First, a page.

The darkest side of The Oprah Effect is something that is not visible. It is the effect it has on the mind of the public. It is an Orwellian “Thought Police” with a democratic twist and a voluntary acceptance of ideas. It is the public being brainwashed — yes, brainwashed — into welcoming alternative facts. Think of a mile long queue of people at a bookstore in Pyongyang waiting to buy a book “recommended” by Kim Jong-un. Now think of the Barnes & Noble in Northern California where Tim Watkin — who wrote a Washington Post oped piece about “The Secret” — worked for several months. “Three times in less than two weeks, the store sold out of ‘The Secret.’ Time and again, the customers coming to the counter were working-class people, spending their hard-earned money on this piffle — $16.76 for the book and $34.99 for the DVD,” Watkin wrote. “When I started asking why, they said they’d seen ‘The Secret’ on Oprah.”
We normally don’t pay attention to the pernicious effect pseudo-scientific ideas have on the mind, unless they cause physical harm. The Sedona, Ariz. incident is just one example. There are many more, hundreds of thousands more. When Oprah publicizes alternative medicine and New Age spirituality, she is brainwashing her 40 million plus followers. The direct effect of this brainwashing is the spike in the sale of the facial cream or the weight-loss drug she recommends, or the book she lists in her book club. But the more subtle and more dangerous indirect effect is that her followers lose the ability to think critically. They turn against rationality and science, because Oprah has a word or two for conventional doctors who criticize Suzanne Somers and her medical advice!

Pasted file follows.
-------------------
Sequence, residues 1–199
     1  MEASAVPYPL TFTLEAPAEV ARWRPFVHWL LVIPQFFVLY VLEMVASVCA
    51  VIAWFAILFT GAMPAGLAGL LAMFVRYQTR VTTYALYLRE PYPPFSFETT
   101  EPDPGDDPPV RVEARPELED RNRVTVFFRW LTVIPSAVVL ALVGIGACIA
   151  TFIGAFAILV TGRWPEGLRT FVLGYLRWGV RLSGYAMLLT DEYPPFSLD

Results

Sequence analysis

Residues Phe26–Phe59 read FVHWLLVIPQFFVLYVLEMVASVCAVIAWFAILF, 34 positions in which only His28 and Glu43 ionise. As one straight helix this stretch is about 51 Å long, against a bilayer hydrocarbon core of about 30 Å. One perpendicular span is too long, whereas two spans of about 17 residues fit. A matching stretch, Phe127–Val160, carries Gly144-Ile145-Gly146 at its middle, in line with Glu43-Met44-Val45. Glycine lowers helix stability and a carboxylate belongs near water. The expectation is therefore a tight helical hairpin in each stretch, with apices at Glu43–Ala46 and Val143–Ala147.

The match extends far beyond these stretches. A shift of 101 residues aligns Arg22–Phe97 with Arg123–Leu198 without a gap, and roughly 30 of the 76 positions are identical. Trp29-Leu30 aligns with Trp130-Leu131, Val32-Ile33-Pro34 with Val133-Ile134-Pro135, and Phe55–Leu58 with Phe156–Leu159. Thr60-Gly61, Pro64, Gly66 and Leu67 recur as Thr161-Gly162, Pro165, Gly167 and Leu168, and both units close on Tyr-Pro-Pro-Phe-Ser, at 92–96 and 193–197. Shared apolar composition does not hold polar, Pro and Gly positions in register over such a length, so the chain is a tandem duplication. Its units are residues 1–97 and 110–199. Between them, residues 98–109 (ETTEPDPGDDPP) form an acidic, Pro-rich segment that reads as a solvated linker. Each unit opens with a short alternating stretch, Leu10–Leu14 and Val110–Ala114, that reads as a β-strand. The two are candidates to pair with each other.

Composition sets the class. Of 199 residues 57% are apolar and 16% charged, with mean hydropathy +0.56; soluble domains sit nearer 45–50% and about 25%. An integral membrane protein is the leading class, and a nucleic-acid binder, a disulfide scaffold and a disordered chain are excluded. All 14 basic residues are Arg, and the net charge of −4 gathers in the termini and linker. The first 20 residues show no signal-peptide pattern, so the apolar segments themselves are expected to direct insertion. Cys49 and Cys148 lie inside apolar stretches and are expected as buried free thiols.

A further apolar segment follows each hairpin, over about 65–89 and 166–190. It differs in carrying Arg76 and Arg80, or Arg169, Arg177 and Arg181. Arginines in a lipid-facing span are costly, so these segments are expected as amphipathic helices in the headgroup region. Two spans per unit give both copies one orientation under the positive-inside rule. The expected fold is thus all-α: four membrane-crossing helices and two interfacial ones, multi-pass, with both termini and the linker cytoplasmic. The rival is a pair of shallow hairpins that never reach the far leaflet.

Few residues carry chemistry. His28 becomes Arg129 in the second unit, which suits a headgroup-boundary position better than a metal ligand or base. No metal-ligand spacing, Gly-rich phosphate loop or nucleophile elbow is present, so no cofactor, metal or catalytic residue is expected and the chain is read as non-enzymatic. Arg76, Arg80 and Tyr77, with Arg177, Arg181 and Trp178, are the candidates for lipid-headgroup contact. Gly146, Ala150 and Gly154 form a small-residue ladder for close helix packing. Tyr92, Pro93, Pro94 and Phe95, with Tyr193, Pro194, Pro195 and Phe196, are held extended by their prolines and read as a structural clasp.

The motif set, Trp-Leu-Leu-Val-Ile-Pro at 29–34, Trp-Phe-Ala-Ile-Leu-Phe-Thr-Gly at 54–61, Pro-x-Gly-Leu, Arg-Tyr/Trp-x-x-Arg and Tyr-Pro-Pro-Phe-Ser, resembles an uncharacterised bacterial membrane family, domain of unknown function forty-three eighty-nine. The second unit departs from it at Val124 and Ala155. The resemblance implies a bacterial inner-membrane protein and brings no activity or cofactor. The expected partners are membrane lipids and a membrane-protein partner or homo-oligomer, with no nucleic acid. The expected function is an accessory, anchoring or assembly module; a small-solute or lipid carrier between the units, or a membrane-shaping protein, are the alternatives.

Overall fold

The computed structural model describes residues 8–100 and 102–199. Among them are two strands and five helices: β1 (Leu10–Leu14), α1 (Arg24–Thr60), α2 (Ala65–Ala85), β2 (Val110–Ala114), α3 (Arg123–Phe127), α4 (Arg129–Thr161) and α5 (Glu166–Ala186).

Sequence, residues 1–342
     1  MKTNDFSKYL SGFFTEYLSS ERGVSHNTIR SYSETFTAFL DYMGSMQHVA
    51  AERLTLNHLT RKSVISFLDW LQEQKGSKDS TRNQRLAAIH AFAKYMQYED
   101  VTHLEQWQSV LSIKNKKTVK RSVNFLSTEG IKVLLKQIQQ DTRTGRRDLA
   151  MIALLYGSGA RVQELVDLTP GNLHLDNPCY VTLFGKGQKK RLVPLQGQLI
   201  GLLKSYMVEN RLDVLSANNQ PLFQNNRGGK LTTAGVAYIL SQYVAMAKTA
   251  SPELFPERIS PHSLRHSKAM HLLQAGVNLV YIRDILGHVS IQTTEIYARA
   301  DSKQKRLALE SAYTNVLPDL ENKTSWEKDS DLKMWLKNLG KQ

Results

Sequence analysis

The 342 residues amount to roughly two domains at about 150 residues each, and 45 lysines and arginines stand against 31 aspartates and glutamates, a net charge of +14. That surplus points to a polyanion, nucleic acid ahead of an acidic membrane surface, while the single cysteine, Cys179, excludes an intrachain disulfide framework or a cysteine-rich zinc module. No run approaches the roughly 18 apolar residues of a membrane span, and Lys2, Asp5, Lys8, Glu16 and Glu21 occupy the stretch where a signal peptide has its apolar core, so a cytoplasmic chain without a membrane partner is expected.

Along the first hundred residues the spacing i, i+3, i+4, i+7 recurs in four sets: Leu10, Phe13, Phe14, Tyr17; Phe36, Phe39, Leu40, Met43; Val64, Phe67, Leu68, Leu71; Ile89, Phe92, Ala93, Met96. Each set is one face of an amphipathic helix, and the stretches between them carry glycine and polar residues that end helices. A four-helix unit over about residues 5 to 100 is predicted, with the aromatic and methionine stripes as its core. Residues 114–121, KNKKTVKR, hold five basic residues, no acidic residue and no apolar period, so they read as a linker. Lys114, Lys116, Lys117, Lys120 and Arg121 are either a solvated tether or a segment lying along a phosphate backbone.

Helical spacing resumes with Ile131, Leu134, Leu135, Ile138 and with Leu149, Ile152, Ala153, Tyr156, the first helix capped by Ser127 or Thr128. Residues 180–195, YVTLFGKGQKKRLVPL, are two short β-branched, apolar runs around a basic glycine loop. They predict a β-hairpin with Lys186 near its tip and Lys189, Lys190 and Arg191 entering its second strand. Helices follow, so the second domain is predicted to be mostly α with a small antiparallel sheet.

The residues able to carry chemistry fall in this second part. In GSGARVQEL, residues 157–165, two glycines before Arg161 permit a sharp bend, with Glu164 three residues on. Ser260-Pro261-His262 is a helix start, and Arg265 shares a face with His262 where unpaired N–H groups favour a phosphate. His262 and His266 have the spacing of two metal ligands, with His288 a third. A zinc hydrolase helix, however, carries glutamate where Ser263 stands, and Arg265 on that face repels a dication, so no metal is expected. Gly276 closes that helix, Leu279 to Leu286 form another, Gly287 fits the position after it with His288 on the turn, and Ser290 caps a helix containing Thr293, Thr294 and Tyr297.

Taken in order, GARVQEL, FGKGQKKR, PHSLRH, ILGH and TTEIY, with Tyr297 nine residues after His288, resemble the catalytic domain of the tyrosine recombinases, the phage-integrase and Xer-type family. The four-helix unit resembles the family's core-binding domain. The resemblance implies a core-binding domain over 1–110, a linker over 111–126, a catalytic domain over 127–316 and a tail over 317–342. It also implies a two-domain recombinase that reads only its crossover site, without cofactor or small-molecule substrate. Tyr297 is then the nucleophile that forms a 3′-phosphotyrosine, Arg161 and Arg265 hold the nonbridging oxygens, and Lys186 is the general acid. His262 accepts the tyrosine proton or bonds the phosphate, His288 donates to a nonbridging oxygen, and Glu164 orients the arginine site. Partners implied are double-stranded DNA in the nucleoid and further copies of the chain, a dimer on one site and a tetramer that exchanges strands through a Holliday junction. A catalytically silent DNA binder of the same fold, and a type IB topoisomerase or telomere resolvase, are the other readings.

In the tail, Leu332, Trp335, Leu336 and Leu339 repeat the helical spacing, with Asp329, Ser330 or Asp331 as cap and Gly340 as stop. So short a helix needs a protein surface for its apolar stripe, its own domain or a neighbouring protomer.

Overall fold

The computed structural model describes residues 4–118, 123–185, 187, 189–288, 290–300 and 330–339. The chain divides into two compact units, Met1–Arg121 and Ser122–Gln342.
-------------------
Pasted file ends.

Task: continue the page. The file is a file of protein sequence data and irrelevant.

A public brainwashed by the Oracle embraces her “apostles” with open arms. But to be an apostle, you have to have certain qualifications. Suppose you are a doctor and a professor of surgery at Columbia University, and you write to Oprah about your interest in educating the public about their health and how scientific medicine can help them. You’ll never hear back from Oprah! Now suppose you are a doctor and a professor of surgery at Columbia University, and you write to Oprah about your interest in educating the public about their health. You also indicate that your wife — a Reiki Master — introduced you to the theology of Emanuel Swedenborg, a Swedish Protestant fundamentalist who, late in life, became a spiritualist and Sweden’s most famous trance medium, and that you have subsequently been profoundly influenced by him. You tell Oprah, “When Lisa and I got married, there was no ’til death do us part in the ceremony,” because Swedenborg had convinced you and Lisa that marriages are intended to last forever in paradise. Now you have Oprah’s ears.